Federal Rule of Evidence 703 lets an expert base an opinion on “facts or data in the case that the expert has been made aware of” and not just facts or data that the expert has “personally observed.” The facts or data “need not be admissible” for the expert’s opinion to be admitted if “experts in the particular field would reasonably rely on those kinds of facts or data in forming an opinion on the subject.” Fed. R. Evid. 703.
Under Rule 703, courts routinely let experts testify based on otherwise inadmissible evidence, including the hearsay opinions of other experts or the work product of others who may or may not be experts. Technical experts often rely, necessarily, on the opinions of other experts with different expertise. In a nonlitigation context, experts may rely on research, surveys, or experiments performed by their own support teams or by third-party contractors when rendering professional services. In a litigation context, Rule 703 lets these experts rely on the same sources of information to support their courtroom testimony.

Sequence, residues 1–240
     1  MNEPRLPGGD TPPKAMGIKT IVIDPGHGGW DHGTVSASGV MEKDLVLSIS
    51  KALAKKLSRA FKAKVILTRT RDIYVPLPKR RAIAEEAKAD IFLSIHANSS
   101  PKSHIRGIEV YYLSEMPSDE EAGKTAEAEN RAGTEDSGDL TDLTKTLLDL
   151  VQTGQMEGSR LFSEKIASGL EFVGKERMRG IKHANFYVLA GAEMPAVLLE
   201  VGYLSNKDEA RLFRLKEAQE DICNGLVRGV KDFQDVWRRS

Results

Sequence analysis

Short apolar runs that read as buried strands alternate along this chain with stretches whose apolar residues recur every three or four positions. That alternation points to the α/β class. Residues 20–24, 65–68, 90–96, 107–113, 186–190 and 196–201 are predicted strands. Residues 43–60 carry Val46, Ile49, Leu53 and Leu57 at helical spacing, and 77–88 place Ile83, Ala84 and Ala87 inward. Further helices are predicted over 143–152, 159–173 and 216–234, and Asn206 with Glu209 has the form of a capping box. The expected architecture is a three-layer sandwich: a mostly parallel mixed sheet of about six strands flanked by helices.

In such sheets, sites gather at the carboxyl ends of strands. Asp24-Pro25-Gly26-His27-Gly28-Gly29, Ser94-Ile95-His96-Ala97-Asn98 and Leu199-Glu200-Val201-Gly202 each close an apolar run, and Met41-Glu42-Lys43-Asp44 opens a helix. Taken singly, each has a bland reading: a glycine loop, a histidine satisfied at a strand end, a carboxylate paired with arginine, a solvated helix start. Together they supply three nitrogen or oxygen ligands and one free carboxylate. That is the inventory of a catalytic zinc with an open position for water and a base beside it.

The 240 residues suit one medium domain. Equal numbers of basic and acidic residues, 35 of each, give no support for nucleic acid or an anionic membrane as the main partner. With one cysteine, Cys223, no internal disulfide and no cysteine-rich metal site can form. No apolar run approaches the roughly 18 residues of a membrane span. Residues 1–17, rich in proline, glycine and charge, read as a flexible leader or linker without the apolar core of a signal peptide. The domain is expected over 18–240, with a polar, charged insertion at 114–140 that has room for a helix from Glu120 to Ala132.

Notwithstanding Rule 703’s broad language, and despite the wide leeway that courts typically give experts under that rule, a number of important limitations exist to control its misuse. As a district judge in the Northern District of California has observed, “[o]ne of the worst abuses in civil litigation is the attempted spoon-feeding of client-prepared and lawyer-orchestrated ‘facts’ to a hired expert who then ‘relies’ on the information to express an opinion.” Therasense, Inc. v Becton Dickinson Co., No. C 04-02123 WHA, 2008 U.S. Dist. LEXIS 124780, at *13 (N.D. Cal. May 22, 2008). To curb such perceived abuses, courts may invoke a number of safeguards to prevent litigants from putting Rule 703 to illegitimate purposes.